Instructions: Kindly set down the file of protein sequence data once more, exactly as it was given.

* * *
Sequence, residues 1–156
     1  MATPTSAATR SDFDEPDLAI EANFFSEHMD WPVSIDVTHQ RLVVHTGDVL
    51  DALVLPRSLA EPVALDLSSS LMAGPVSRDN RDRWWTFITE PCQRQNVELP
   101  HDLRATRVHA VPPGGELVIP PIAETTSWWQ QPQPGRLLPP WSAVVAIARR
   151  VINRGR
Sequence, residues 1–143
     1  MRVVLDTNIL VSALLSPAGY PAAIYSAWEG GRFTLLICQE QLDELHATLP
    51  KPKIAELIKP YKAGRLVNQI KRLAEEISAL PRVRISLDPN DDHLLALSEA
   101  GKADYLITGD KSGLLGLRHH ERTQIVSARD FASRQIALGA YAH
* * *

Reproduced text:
Sequence, residues 1–156
     1  MATPTSAATR SDFDEPDLAI EANFFSEHMD WPVSIDVTHQ RLVVHTGDVL
    51  DALVLPRSLA EPVALDLSSS LMAGPVSRDN RDRWWTFITE PCQRQNVELP
   101  HDLRATRVHA VPPGGELVIP PIAETTSWWQ QPQPGRLLPP WSAVVAIARR
   151  VINRGR
Sequence, residues 1–143
     1  MRVVLDTNIL VSALLSPAGY PAAIYSAWEG GRFTLLICQE QLDELHATLP
    51  KPKIAELIKP YKAGRLVNQI KRLAEEISAL PRVRISLDPN DDHLLALSEA
   101  GKADYLITGD KSGLLGLRHH ERTQIVSARD FASRQIALGA YAH